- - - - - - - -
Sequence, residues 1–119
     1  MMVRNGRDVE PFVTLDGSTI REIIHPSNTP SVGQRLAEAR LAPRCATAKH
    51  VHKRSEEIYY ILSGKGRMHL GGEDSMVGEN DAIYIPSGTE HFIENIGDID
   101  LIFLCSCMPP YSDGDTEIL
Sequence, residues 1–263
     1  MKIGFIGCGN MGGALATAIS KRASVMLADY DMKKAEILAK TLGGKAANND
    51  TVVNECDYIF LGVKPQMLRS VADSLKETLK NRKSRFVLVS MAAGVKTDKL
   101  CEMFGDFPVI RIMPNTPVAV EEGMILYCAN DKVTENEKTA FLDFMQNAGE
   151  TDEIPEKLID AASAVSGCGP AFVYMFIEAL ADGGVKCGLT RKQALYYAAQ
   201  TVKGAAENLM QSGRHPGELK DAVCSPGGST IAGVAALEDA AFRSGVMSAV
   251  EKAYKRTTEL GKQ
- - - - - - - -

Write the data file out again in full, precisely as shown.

Sequence, residues 1–119
     1  MMVRNGRDVE PFVTLDGSTI REIIHPSNTP SVGQRLAEAR LAPRCATAKH
    51  VHKRSEEIYY ILSGKGRMHL GGEDSMVGEN DAIYIPSGTE HFIENIGDID
   101  LIFLCSCMPP YSDGDTEIL
Sequence, residues 1–263
     1  MKIGFIGCGN MGGALATAIS KRASVMLADY DMKKAEILAK TLGGKAANND
    51  TVVNECDYIF LGVKPQMLRS VADSLKETLK NRKSRFVLVS MAAGVKTDKL
   101  CEMFGDFPVI RIMPNTPVAV EEGMILYCAN DKVTENEKTA FLDFMQNAGE
   151  TDEIPEKLID AASAVSGCGP AFVYMFIEAL ADGGVKCGLT RKQALYYAAQ
   201  TVKGAAENLM QSGRHPGELK DAVCSPGGST IAGVAALEDA AFRSGVMSAV
   251  EKAYKRTTEL GKQ